Tempo Interaktif reports that Garuda Indonesia is considered to be "less than serious" in efforts to uncover suspected corruption in the purchase of six Airbus A-330 aircraft in the mid 1990s.
Didik J. Rachbini, the Chairman of the Parliamentary Commission charged with overseeing State-Owned Enterprises, complained that nearly two months have passed since Garuda's self-imposed deadline of early September when the airline promised to publicly reveal the results of an internal investigation and bring those results to the National Anti-Corruption Commission (KPK).
Didik also told Tempo that he saw a similar lack of serious-mindedness reflected in Garuda's failure to make mention of the Airbus case in the business plan submitted to the Government and the lack of independent actors in the current team steering the airline's restructuring.
Problems Ahead with Garuda's Bailout?
In the current situation Didik emphasized that his commission would take a hard line in opposing the emergency cash injection of Rp. 1 trillion (approximately US$105 million) recently allocated for Garuda. According to Didik, his committee's agreement is a precondition for the subject funds being released to the Airline.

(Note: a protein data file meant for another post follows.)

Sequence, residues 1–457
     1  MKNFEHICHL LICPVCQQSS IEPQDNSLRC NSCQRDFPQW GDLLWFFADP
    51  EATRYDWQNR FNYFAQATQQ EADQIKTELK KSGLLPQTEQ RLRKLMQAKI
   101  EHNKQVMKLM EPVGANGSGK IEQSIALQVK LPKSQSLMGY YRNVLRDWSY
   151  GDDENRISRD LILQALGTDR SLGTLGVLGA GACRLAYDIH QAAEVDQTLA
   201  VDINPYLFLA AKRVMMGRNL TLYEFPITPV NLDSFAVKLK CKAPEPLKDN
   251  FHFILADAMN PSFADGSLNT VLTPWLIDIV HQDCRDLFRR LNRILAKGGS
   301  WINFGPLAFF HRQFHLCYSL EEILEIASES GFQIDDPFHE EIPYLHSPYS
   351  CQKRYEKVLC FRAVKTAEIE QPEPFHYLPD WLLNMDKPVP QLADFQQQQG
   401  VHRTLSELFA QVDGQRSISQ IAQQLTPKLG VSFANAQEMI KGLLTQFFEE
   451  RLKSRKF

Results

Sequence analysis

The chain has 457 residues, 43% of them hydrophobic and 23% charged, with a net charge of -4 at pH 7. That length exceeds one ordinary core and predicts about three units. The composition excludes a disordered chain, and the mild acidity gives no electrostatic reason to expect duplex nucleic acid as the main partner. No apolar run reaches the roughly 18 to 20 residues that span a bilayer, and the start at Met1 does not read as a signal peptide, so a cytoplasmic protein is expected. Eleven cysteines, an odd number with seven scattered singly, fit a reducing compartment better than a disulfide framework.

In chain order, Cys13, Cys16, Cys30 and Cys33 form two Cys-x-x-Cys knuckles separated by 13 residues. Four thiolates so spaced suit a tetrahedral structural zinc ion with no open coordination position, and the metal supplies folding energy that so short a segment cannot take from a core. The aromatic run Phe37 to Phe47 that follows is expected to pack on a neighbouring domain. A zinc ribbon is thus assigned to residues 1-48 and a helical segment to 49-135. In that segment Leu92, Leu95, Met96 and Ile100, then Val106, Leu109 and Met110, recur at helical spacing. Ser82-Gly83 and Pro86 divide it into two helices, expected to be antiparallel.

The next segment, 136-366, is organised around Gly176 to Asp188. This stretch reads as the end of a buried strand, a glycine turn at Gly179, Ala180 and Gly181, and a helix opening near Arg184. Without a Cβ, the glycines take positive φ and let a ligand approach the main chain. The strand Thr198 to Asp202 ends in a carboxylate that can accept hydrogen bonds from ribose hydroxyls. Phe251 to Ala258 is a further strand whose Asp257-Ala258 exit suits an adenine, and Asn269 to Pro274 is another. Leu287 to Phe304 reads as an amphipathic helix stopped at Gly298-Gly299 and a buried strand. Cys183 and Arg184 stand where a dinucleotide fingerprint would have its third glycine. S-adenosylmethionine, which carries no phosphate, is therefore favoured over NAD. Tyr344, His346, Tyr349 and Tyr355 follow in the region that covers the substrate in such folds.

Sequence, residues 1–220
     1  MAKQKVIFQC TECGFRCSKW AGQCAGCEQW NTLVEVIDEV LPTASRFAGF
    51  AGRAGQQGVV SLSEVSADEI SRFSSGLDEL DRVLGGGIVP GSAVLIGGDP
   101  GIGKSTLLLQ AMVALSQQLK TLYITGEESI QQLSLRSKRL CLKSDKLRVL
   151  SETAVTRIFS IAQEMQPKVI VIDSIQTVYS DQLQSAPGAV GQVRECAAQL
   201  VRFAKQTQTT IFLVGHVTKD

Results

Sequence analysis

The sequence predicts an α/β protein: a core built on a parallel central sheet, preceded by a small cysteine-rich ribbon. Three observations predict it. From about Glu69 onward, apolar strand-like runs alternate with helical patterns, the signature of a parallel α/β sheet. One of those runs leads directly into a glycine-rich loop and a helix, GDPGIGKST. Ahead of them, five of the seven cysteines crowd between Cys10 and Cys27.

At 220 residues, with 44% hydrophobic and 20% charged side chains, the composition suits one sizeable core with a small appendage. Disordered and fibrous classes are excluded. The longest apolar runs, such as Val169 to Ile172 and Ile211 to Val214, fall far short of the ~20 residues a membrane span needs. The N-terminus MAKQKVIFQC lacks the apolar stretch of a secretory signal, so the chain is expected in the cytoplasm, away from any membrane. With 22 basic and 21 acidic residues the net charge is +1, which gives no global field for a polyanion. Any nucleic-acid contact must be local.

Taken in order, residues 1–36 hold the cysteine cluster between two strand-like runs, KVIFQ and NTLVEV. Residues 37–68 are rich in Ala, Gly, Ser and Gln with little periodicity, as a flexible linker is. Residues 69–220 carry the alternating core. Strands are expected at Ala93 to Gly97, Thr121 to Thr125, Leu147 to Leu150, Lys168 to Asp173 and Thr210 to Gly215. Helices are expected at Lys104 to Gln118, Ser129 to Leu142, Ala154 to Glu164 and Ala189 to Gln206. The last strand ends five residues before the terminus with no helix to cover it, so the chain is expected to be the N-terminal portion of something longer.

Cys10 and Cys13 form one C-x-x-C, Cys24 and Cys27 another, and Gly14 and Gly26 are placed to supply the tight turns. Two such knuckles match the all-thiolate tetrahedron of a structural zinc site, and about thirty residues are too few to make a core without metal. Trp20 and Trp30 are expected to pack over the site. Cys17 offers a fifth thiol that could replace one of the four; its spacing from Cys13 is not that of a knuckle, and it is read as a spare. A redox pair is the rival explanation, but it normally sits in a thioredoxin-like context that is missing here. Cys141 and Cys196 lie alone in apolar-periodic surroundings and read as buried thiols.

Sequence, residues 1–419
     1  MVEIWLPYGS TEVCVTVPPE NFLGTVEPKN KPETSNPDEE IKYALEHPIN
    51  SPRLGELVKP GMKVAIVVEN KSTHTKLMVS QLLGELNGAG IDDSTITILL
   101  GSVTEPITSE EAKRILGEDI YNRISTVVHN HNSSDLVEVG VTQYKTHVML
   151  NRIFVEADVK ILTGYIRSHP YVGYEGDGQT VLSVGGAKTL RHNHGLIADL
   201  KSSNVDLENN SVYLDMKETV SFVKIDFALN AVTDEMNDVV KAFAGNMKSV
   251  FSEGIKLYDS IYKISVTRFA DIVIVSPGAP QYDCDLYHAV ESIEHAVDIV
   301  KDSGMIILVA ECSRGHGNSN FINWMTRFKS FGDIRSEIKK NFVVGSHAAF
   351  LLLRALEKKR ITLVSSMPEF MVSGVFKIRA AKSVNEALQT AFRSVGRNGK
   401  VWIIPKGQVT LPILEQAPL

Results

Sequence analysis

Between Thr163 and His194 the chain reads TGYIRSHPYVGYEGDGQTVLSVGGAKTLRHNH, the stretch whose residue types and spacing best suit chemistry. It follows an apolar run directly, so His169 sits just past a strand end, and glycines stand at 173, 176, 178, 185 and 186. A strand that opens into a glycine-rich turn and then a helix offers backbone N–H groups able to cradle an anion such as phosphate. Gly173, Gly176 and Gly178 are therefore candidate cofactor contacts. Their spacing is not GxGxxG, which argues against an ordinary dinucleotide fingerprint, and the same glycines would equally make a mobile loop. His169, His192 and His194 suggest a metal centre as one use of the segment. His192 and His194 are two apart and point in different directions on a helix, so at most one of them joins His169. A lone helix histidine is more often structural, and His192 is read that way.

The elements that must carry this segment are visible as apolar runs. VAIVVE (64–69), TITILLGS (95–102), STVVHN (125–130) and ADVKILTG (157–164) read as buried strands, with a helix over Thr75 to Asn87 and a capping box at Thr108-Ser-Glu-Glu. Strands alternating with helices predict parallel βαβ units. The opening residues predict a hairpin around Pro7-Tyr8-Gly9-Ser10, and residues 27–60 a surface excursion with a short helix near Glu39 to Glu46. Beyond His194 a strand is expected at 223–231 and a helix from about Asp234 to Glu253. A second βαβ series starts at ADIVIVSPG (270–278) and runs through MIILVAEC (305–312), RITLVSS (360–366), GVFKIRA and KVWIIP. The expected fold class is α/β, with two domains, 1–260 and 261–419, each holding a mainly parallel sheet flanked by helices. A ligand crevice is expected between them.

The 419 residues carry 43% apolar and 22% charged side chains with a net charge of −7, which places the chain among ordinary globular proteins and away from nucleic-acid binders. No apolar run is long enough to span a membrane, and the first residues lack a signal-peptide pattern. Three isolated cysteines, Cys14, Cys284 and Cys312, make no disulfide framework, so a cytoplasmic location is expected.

Martono, an airline law expert, told Tempo that Garuda is obligated to address the wide spread suspicion that there was a mark-up in the sale of the aircraft and announce their findings to the public. He said this was even more the case in light of the Government's trust bestowed in the carriers in the form of the recently agreed emergency cash relief. "These funds should be withdrawn, for, if the sickness of corruption still taints the airline, Garuda's recovery will be very difficult," Martono warned.
Garuda's Pilots Association has joined the chorus calling for revelations surrounding the perceived cover up. Captain Stephanus G., the President of the Association, uncovering the details surrounding the case is one of the critical steps in efforts to rescue the national carrier.
The corruption allegations surround the purchase of six Airbus A-330 aircraft in 1996 under a "rental-purchase" agreement valued at US$660 million between Garuda and a multi-partied consortium.
Garuda's Anti-corruption Commission, headed by Ari Sapari, said that his committee is reviewing its report on the transaction before handing it over to the national Anti-corruption Commission. Sapari refused to commit on when the report would be handed to the Government.
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